STYLE: Pop RATING OUR PRODUCT CODE: 94106-16599 LABEL: Independent FORMAT: CD Album ITEMS: 1
Reviewed by Phil Thomson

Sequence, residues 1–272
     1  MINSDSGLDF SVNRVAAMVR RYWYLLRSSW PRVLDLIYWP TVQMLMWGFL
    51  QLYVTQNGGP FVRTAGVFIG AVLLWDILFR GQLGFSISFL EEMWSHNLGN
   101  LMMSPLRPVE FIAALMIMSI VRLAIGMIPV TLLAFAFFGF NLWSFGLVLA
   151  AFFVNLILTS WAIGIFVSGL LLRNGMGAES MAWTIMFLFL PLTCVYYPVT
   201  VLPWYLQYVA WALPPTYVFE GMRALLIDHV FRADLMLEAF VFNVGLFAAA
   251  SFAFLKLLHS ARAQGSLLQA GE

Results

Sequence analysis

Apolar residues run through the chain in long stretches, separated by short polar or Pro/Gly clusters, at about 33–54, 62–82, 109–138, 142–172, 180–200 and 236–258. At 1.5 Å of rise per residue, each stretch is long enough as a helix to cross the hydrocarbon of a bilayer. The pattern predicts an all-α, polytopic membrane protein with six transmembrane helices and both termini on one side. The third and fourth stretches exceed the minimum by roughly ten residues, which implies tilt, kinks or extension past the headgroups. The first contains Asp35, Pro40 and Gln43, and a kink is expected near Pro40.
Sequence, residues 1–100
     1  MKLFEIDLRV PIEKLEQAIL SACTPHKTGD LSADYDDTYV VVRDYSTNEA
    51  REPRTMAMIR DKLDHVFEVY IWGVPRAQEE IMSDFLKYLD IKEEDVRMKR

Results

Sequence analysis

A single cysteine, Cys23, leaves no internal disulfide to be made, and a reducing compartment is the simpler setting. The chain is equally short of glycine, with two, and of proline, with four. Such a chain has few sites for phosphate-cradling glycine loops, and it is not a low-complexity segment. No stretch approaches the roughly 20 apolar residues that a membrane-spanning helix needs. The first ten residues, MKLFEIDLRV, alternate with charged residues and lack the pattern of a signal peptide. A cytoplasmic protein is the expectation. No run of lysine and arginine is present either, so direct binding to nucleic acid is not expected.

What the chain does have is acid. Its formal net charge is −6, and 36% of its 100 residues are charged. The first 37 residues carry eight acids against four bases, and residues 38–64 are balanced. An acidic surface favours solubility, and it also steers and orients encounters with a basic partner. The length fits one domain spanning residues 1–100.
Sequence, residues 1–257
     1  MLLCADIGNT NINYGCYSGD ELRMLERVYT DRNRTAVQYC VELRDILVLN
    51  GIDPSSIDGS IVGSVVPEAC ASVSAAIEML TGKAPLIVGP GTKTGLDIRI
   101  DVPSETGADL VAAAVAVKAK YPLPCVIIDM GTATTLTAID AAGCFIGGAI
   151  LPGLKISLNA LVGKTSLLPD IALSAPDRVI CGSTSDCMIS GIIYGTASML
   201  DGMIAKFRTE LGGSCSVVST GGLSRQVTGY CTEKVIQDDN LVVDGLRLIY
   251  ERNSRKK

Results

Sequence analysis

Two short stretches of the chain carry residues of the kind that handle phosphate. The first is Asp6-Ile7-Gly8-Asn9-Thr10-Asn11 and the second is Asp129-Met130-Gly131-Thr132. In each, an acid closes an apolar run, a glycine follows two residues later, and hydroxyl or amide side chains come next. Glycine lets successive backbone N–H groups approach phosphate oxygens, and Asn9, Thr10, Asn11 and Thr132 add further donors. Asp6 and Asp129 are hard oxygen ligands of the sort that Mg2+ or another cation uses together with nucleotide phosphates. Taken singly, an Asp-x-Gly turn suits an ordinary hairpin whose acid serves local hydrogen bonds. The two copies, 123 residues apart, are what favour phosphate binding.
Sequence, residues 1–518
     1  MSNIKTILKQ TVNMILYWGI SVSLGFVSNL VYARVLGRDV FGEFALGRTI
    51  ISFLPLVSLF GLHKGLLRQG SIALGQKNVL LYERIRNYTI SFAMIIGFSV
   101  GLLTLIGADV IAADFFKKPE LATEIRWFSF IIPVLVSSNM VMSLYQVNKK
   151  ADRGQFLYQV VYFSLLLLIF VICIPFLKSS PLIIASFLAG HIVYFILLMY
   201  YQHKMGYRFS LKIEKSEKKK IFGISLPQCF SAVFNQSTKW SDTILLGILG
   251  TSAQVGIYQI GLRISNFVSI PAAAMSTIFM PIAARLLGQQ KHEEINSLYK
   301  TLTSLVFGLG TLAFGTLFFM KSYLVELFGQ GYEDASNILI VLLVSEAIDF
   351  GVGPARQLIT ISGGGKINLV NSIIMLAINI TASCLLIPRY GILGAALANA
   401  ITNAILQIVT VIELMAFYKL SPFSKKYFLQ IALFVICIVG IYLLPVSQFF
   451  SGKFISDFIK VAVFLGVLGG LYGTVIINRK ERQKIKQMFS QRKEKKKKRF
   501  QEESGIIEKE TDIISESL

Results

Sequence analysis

This a silly ruse, exuding all the clunky ingenuity of a fairground ride: a contemporary reworking of the psalms given an everything-but-the-kitchen-sink treatment by a London-based artist. It's techno-friendly fey funk, peppered with soap-ad harmonies, bland, uncertain lead vocals and very convoluted arrangements - all courtesy of Mr Fawcett who plays everything and sings everything and surprise, surprise, writes everything; I'm sure he'd stop short of claiming the words. Take "I Love The Lord" a smoochy, louche lounge version of Psalm 116 or "Taste And See" (Psalm 34) with its excruciating vocal around ". . .in all their distress" - there just isn't the voice for the aspiration. It is either spectacularly inventive and daring or third rate holiday camp. What's at stake is this; you can't escape the gimmickry - I mean '. . . let God arise.' with birdie twitters and a megaphone vocal ("Arise" (68)) - and what else. . . oh yes, we have to use a vocoder, we haven't featured one of those yet. It's all terribly forgivable in its style over content sort of way, simply because it is inventive and occasionally the inspiration breaks through. The high point (yes, there is one) is the bright and brassy "God Is King" (96). Maybe he is in danger of trivialising such rich lyrical material, but then, Edwin Fawcett 'live', visual and theatrical might just restore the gravitas. So bad I liked it.
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